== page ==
Not immediately following the sickness period
Yet another ruling has been passed concerning the application of the rule concerning 120 days of sickness of section 5 (2) of the Salaried Employees Act. The Western High Court has just decided whether termination in connection with an employee's sickness absence, in whole and in part, for 13o days was made immediately following the expiry of the 120 days of sickness. The Court found that this was not the case.
It may have had an effect on the ruling of the Court that the parties disagreed on the employee's number of sick days for the last 12 calendar months. The employee was of the opinion that he had had more than 136 sick days, while the employer claimed that the employee had had 126 sick days. The Court found that the employee had been absent due to sickness "for at least 130 days".
The Court found that the notice of termination was not to be considered given immediately following the employee's absence for 120 days, and the reduced notice was therefore not applicable.
By this ruling, the limits of the rule concerning 120 days of sickness are becoming relatively fixed according to case law. In 1973, the Supreme Court found that an employer could apply the reduced notice on 13 January as the employee had on 5 January been absent due to sickness for 120 days. The Supreme Court noted that "it is predominantly alarming to determine that the notice of termination was not given immediately following the expiry of the 120 days of sickness".
The limit as to the application of the rule concerning 120 days of sickness will therefore still be termination due to sickness absence for 125 to 130 days. The limit depends on a specific assessment in each situation. Decisive as to whether a notice of termination is given immediately following the expiry of the 120 days is whether the employer – after the expiry of the 120 days – has had the time to establish whether the conditions for termination are present and whether it has been possible to assess internally whether to terminate the employee compared to the fact that the termination cannot be postponed beyond the number of days that this may reasonably be expected to last.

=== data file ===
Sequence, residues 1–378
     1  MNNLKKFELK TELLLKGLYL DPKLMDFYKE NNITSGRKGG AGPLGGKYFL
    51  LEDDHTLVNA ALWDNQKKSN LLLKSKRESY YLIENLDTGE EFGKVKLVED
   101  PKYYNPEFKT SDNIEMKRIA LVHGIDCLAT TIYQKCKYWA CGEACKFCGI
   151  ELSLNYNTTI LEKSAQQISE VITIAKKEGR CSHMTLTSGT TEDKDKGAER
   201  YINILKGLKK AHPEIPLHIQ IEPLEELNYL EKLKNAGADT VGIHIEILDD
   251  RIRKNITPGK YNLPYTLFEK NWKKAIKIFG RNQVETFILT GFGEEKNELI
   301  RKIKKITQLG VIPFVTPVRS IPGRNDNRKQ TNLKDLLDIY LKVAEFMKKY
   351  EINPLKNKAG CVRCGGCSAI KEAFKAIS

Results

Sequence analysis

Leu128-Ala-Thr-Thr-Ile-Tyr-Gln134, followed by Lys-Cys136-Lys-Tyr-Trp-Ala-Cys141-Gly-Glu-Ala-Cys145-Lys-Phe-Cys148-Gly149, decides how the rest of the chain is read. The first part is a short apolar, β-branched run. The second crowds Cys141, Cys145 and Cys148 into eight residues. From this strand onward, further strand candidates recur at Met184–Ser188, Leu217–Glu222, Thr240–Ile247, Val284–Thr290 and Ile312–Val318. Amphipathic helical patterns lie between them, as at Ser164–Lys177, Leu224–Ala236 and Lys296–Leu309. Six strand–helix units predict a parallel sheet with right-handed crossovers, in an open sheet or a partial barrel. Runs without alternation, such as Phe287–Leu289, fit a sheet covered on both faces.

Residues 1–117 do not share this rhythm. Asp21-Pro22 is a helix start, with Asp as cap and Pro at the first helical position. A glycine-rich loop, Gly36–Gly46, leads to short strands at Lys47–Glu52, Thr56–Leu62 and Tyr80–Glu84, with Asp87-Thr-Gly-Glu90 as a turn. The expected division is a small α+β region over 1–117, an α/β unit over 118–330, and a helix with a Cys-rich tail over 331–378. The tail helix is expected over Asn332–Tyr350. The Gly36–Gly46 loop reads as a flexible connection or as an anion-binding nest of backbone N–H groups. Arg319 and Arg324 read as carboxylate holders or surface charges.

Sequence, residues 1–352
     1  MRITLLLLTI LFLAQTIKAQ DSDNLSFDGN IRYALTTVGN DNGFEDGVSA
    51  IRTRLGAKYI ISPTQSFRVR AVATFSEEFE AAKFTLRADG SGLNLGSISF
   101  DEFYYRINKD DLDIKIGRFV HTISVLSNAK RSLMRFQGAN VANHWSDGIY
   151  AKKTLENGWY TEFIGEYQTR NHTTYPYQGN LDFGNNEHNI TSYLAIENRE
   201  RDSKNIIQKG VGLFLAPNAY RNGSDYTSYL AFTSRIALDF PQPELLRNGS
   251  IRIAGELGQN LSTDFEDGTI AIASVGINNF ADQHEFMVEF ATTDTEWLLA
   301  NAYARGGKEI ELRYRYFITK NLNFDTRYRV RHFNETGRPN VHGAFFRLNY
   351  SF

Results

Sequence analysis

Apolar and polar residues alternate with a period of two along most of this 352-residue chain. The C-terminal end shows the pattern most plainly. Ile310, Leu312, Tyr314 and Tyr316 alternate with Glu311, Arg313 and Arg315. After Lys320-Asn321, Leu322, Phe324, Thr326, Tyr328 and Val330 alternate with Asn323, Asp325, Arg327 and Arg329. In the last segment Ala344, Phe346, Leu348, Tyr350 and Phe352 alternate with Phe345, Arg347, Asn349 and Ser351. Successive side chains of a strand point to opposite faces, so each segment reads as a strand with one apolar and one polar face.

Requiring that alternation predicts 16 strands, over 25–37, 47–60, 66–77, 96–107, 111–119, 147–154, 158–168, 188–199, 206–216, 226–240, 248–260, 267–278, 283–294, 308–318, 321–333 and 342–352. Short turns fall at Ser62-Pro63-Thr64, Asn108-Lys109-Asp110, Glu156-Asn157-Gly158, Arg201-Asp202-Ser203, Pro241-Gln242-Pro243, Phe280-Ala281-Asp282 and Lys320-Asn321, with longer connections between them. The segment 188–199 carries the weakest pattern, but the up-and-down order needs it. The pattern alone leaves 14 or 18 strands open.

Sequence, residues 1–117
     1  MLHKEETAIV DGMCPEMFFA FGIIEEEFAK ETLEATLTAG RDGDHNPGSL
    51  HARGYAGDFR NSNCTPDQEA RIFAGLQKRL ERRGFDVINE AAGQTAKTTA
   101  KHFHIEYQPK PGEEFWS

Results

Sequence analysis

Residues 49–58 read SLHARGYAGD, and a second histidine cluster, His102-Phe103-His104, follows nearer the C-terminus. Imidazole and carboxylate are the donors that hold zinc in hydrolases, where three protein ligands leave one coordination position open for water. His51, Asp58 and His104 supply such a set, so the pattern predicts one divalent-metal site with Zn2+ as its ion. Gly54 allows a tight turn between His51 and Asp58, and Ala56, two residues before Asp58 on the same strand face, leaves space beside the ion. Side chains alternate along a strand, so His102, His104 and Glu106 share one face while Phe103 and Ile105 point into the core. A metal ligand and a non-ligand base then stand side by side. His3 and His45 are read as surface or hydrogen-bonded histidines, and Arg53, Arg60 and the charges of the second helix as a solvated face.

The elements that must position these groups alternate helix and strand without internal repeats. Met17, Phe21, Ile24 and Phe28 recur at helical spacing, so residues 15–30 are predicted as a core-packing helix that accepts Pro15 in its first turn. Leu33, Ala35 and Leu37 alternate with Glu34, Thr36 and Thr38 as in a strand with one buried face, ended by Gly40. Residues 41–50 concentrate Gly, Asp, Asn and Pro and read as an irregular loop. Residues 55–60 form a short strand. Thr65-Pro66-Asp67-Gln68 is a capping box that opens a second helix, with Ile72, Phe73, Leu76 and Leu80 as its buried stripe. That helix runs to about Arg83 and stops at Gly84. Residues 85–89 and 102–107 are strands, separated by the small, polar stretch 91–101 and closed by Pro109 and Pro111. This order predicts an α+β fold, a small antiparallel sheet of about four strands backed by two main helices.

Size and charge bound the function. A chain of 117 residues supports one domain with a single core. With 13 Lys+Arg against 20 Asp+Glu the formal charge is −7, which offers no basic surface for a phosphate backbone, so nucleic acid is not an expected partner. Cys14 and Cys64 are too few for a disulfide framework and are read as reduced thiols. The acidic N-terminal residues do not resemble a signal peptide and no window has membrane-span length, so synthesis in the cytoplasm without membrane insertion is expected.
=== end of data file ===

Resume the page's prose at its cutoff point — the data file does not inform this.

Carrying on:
It is therefore still quite relevant to register the sick days of the employees on a current and consequent basis, and for the HR department or the administration to determine the procedures in connection with employees who are long-term sick with the result that a decision to terminate with a reduced notice under section 5 (2) of the Salaried Employees Act is made immediately following the expiry of the 120 days of sickness.
It is also important that the employer decides whether to apply the options of the Act concerning termination with a reduced notice in case of long-term sickness (120 days) as the application of this rule has to be agreed between the parties in advance – usually in the employment agreement.
During the sickness absence, the employer must hold personal interviews etc. In our newsletter of 16 March 2010, we gave an account of prospect statements, personal interviews, retaining plans etc.
The content of this Newsletter is not, and should not replace, legal advice.